A pedestrian and bike safety task force at USC worked to make the intersection of Pickens and Green an all-way crosswalk, where all traffic stops at once, and all pedestrians cross at one time.
By: Alex Heaton
Pedestrian and bike safety have been issues on the University of South Carolina's campus and downtown Columbia for some time. The city is looking into a new plan to connect the busy streets of Columbia and USC's campus with more bike routes and safer crosswalks.
Columbia has partnered with the university and the Urban Land Institute to address the problems the city has with traffic congestion, street design and safety issues.
An 8-member panel of experts will host a town-hall meeting, open to the public, on Monday at 4:30 at city hall to talk with city officials about the findings from urban planning group's research and address concerns the people of Columbia may have. The public is also invited to hear the panel's preliminary solutions the following afternoon at the offices of Edens & Avants on Main Street.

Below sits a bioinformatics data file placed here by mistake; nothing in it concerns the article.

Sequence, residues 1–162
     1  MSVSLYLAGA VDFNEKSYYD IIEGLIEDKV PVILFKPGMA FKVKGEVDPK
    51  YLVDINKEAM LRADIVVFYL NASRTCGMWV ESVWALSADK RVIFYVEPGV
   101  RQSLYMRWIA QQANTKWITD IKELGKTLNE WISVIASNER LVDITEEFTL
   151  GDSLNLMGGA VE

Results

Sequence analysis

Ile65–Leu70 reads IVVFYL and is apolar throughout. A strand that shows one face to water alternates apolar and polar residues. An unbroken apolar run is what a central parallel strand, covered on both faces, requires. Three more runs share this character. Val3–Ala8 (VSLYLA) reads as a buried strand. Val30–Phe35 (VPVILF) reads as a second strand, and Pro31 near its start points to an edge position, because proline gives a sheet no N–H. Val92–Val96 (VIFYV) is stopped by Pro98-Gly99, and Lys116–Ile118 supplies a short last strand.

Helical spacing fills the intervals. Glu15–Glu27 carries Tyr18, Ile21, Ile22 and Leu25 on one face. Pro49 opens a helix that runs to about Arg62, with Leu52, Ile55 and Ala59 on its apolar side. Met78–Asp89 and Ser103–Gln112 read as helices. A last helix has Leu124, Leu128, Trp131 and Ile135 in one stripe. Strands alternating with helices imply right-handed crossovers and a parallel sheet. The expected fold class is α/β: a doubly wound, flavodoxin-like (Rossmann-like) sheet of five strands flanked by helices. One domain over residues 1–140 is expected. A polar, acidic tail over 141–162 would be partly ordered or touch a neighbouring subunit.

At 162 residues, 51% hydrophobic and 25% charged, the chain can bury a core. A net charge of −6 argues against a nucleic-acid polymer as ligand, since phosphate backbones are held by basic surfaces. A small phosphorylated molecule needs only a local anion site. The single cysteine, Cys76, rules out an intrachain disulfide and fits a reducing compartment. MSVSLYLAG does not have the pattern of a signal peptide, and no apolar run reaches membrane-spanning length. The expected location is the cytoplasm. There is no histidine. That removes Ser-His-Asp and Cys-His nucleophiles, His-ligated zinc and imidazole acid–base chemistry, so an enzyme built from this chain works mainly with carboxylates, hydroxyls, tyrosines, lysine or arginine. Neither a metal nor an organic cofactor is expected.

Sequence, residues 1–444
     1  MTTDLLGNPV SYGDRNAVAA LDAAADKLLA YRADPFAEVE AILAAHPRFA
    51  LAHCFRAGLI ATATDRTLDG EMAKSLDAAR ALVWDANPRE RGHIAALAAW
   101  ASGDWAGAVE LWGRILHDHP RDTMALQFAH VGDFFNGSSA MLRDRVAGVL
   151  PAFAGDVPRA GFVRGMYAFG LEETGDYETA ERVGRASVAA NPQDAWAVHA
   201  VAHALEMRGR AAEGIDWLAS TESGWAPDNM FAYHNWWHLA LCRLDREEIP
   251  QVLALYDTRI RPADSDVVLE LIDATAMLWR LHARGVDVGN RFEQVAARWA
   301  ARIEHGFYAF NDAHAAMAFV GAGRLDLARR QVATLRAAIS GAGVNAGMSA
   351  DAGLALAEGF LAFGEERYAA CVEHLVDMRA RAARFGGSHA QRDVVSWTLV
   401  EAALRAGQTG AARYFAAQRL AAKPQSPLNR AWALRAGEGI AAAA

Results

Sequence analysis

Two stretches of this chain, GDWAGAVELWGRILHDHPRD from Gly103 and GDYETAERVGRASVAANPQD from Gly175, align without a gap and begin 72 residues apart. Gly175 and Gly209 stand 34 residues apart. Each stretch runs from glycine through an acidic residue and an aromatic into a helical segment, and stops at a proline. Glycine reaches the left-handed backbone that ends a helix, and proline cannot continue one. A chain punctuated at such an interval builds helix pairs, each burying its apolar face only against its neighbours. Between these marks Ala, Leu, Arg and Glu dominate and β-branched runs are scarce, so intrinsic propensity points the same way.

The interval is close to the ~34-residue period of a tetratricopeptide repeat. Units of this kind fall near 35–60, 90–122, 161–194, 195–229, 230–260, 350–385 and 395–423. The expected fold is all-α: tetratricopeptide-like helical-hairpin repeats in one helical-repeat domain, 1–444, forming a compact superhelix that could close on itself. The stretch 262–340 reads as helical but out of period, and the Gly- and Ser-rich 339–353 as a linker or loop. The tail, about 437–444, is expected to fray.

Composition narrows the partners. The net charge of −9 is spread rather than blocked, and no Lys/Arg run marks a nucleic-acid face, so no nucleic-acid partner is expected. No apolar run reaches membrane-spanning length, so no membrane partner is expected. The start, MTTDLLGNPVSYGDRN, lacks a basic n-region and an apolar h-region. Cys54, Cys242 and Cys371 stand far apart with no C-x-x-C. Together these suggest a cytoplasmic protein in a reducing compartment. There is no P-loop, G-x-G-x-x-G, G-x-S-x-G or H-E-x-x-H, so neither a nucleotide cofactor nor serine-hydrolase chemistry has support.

Heather Foley, a senior fellow at ULI, says their main goal is to connect the Vista, Innovista and Main Street in a way that is safer and more accessible to pedestrians, bikers, and motorists, as well. Some USC students say it's needed.
"Columbia isn't extremely bike or pedestrian friendly, and there aren't very many bike lanes throughout the city," Morgan Mixon, a senior at USC, said.
Mixon was hit by a car on Assembly Street last spring when she was riding her bike home from class. She hasn't ridden her bike since then, but said the presence of more bike lanes might make her feel safe enough to ride again.